A bipartisan group of senators, including Marco Rubio (R-Fla.), from right,… (Jim Lo Scalzo / European…)
WASHINGTON — Declaring that the politics of immigration “have been turned upside down,” a bipartisan group of senators Monday outlined common principles for comprehensive immigration reform and expressed optimism that legislation granting legal status to most of the country's 11 million illegal immigrants could be realized by this summer.
One day before President Obama launches a campaign-style push for his vision of immigration reform, representatives of the so-called Group of Eight senators acknowledged previous false starts on the issue, and obstacles that probably lie ahead — particularly in determining how to increase the flow of legal immigration.
But, after an election in which the share of the nonwhite vote continued to grow and swung overwhelmingly toward Obama, the lawmakers said that the path forward was as clear as ever.
Arizona Sen. John McCain, the GOP’s 2008 presidential nominee and a past proponent of comprehensive reform, said the change in favor of taking action came down to one word: “Elections.”
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“The Republican Party is losing the support of our Hispanic citizens. And we realize that there are many issues in which we think we are in agreement with our Hispanic citizens, but this is a preeminent issue with those citizens,” he said at a Capitol Hill news conference.
“For the first time ever, there's more political risk in opposing immigration reform than in supporting it,” added Sen. Charles E. Schumer (D-N.Y.).
The Senate blueprint, drafted during weeks of closed-door meetings by leading senators from each party, is more conservative than Obama's proposal, which the president plans to unveil Tuesday in a speech in Las Vegas. But its provisions for legalizing millions of undocumented immigrants go further than measures that failed to advance in Congress in previous years — a reminder of how swiftly the politics of immigration have shifted since the November election.
The Senate proposal would allow most of those in the country illegally to obtain probationary legal status immediately by paying a fine and back taxes and passing a background check. That would make them eligible to work and live in the U.S. They could earn a green card — permanent residency — after the government certifies that the U.S.-Mexican border has become secure, but might face a lengthy process before becoming citizens.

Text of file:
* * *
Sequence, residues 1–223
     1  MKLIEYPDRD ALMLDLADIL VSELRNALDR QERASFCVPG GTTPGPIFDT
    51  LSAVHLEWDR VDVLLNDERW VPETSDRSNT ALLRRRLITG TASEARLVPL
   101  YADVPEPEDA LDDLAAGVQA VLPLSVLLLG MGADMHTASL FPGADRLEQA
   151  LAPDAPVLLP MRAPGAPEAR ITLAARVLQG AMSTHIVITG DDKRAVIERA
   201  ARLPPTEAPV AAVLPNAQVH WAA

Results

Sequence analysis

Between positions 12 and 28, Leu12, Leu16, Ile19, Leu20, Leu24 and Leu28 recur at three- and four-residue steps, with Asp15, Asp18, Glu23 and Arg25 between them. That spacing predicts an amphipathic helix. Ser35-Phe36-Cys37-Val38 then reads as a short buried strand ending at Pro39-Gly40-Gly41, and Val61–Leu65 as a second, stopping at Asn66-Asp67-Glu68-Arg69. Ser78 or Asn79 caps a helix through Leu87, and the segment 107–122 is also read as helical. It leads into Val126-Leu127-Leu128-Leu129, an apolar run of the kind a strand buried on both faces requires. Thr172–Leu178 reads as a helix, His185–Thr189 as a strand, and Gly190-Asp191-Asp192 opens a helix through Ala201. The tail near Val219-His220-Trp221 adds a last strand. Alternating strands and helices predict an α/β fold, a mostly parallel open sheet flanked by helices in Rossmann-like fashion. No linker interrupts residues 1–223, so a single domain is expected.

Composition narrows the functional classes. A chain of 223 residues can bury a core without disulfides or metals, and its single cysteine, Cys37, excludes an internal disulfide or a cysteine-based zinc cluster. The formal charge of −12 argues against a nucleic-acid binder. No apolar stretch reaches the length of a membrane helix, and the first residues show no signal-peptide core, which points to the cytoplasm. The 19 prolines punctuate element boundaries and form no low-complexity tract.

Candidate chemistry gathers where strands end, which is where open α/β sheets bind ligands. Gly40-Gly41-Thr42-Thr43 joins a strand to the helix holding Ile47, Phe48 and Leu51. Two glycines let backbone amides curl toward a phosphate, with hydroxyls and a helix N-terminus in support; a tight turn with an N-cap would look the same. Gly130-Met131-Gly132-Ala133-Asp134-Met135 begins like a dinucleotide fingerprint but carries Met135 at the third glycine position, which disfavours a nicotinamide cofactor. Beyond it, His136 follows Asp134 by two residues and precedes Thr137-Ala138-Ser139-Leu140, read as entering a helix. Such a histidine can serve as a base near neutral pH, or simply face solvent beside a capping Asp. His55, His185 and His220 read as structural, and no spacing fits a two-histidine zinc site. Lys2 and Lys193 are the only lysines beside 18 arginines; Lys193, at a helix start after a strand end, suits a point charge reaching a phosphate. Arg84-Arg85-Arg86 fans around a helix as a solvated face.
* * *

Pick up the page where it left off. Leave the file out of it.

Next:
Obama is expected to push for a faster citizenship process that would not be conditional on border security standards being met first. The structure of the citizenship process will probably be among the most hotly debated parts of any immigration plan.
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Less controversial provisions would tighten requirements on employers to check the immigration status of new workers; increase the number of visas for high-skill jobs; provide green cards automatically to people who earn master's degrees or PhDs in science, technology or math at U.S. universities; and create an agricultural guest-worker program.
Schumer said lawmakers are aiming for full legislative language to be put forward by March, which will then work its way through the committee process. A vote in the Senate could come by late spring or summer, he said.
“We still have a long way to go, but this bipartisan blueprint is a major breakthrough,” he said.
Though their effort was running parallel to the president’s, Democratic Sen. Richard J. Durbin of Illinois said he and Schumer spoke with Obama on Sunday and that the president “cheered us on.” McCain said Obama’s public campaign for it would be helpful to their cause.
Still, many conservatives on Capitol Hill remain skeptical about sweeping immigration legislation and could prove a major obstacle to any compromise.
“The last time we talked about this in 2007, it sounded very seductive. When we saw the details, it was clear it wouldn’t work,” Sen. Jeff Sessions (R-Ala.) said in an interview Monday. Sessions said he was particularly concerned that the Obama administration is not committed to securing the borders against future illegal immigration.
Similar criticism from Republican lawmakers doomed a 2007 immigration bill pushed by President George W. Bush and seniors Senate Democrats.
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Today, 22 GOP senators who opposed the 2007 plan remain in the Senate, including Minority Leader Mitch McConnell (R-Ky.). By contrast, just two of the 12 Republicans who backed the compromise six years ago are still in Congress — McCain and South Carolina's Lindsey Graham.
Republican resistance to an immigration overhaul promises to be even more intense in the House, where many conservative lawmakers are leery of any proposal that would provide a mechanism for immigrants here illegally to gain citizenship, a key demand on the left.
“When you legalize those who are in the country illegally, it costs taxpayers millions of dollars, costs American workers thousands of jobs and encourages more illegal immigration,” said Rep. Lamar Smith (R-Texas), the former chairman of the House Judiciary Committee. “By granting amnesty, the Senate proposal actually compounds the problem by encouraging more illegal immigration.”
Staff writers Brian Bennett and Lisa Mascaro contributed to this report.
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